Tennis ace Cameron Norrie made headlines at Wimbledon last summer for more than reaching the Grand Slam’s semi-finals. Papped cycling to the tournament, racket slung on his back, he told the press matter-of-factly he does not own a car and bikes to practice almost every day.
In many ways, Norrie is bang on trend. During the pandemic, the government hailed a British “active travel Renaissance” as quiet roads and public transport qualms boosted cycling rates by 46%. But he is still in a tiny minority of Britons who commute by bike.
A recent Ipsos survey found just 5% of the UK population cycle to work or school. While this is almost double the 2.8% recorded in the 2011 census, it’s still far behind Germany, Sweden and the world-leading 30% in the Netherlands.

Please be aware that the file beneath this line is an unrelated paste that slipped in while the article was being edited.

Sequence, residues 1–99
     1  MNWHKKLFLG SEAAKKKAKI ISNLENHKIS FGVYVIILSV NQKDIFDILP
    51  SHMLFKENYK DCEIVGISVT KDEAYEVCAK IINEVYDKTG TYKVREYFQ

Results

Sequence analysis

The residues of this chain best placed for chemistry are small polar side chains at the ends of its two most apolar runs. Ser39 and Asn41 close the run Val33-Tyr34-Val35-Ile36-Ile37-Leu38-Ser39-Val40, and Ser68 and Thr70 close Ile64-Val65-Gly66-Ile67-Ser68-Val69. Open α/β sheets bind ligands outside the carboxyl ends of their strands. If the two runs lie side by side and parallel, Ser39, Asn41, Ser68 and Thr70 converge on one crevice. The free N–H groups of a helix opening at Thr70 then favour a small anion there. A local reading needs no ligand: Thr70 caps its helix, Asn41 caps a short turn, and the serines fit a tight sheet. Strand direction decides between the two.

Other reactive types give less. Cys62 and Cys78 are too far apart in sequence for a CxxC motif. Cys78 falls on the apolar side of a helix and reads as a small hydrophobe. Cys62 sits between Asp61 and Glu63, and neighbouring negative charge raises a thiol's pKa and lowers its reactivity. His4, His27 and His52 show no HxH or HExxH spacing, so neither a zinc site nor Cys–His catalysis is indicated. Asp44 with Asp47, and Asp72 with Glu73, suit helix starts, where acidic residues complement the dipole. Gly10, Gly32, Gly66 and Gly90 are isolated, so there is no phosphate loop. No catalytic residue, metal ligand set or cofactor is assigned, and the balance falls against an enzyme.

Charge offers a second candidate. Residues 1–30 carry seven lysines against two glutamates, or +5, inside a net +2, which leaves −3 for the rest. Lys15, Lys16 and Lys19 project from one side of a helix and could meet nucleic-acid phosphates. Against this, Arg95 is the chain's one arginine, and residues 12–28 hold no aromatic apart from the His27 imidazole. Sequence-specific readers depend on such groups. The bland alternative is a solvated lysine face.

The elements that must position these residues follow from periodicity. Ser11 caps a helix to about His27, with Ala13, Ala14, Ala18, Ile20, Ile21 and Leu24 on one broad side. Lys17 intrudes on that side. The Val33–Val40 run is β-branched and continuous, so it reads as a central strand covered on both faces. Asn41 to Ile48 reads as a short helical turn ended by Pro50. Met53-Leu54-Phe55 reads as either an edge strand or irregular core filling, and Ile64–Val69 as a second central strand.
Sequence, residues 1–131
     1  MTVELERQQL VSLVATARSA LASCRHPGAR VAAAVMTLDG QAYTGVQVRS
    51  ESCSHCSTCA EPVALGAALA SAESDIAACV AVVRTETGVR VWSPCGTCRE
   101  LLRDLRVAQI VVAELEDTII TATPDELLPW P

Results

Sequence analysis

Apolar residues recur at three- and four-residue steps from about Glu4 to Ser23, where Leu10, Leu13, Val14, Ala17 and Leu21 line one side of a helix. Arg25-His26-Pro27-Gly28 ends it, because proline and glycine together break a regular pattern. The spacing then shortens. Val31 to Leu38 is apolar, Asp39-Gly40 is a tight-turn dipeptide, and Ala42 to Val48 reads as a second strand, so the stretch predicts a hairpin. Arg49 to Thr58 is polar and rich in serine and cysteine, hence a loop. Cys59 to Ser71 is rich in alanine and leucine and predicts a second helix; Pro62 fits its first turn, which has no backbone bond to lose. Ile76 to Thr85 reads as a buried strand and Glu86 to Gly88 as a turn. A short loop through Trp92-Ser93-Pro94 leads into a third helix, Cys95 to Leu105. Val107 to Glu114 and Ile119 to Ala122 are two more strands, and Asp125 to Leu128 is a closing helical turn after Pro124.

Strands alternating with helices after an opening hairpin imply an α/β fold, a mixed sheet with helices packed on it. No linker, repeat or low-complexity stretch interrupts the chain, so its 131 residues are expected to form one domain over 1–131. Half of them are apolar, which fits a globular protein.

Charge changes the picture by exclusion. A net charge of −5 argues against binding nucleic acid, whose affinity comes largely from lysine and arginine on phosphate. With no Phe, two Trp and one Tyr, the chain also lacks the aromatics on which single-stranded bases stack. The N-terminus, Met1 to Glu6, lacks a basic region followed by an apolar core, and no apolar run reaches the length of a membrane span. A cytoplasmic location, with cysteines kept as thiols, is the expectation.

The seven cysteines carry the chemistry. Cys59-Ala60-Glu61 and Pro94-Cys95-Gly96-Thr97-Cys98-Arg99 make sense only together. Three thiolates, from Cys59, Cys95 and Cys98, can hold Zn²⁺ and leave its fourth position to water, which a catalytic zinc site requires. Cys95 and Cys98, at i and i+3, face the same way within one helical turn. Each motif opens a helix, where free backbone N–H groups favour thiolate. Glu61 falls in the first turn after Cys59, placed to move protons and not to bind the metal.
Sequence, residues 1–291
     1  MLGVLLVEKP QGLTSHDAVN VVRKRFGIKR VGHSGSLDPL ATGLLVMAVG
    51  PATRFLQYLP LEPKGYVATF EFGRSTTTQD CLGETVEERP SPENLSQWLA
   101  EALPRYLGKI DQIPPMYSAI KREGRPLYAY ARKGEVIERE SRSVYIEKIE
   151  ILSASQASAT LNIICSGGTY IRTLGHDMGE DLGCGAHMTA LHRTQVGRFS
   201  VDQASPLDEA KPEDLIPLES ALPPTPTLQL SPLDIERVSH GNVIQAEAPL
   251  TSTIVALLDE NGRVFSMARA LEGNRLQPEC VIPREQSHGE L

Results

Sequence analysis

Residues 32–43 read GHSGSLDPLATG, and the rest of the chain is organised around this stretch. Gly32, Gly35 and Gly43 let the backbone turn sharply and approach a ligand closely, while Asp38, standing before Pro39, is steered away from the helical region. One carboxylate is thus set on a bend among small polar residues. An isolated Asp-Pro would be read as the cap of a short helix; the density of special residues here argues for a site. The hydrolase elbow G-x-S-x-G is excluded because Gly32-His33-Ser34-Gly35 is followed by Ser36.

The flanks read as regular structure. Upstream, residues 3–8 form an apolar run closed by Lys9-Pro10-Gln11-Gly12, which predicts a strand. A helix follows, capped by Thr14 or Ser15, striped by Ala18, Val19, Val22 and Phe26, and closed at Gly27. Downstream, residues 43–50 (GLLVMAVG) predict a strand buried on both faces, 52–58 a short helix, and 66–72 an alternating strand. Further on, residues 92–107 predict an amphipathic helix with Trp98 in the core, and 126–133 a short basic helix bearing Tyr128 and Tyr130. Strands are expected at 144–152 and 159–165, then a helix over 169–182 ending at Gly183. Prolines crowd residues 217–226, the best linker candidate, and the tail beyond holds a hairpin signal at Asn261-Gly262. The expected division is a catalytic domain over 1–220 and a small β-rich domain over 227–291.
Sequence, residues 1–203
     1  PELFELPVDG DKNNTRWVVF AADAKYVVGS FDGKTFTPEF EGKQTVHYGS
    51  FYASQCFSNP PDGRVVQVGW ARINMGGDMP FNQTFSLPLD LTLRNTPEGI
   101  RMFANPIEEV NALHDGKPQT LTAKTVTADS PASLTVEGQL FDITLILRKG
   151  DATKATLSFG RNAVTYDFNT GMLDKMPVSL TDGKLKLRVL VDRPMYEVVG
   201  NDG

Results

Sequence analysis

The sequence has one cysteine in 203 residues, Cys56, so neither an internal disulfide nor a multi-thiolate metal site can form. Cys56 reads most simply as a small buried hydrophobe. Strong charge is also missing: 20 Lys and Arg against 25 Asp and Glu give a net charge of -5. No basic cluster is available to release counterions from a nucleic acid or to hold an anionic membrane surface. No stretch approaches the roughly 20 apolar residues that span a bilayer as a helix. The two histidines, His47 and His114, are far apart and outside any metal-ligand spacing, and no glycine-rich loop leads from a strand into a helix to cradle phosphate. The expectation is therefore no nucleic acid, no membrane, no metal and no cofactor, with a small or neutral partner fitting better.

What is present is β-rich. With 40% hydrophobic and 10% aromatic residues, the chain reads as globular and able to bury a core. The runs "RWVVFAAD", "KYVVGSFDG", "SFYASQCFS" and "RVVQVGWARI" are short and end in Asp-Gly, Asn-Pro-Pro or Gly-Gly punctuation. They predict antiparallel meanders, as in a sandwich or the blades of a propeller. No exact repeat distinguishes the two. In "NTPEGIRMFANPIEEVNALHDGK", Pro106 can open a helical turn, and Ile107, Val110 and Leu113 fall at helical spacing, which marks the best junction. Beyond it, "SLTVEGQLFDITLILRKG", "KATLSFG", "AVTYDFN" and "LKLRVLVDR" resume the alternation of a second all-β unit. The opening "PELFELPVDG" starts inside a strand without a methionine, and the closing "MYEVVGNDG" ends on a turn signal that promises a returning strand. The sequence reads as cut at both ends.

Why does this matter? It’s long been known that cycling to work benefits employers and workers alike. According to the European Cycle Federation, a commuter who switches from car to bike for an 8km commute saves 750kg of carbon emissions annually. For larger organisations, this could add up to significant cuts in Scope Three emissions (indirect emissions from third parties). Meanwhile, studies have linked cycling to work with a 41% lower risk of premature death and a 45% reduction in cancer risk, while regular exercise can help ward off depression.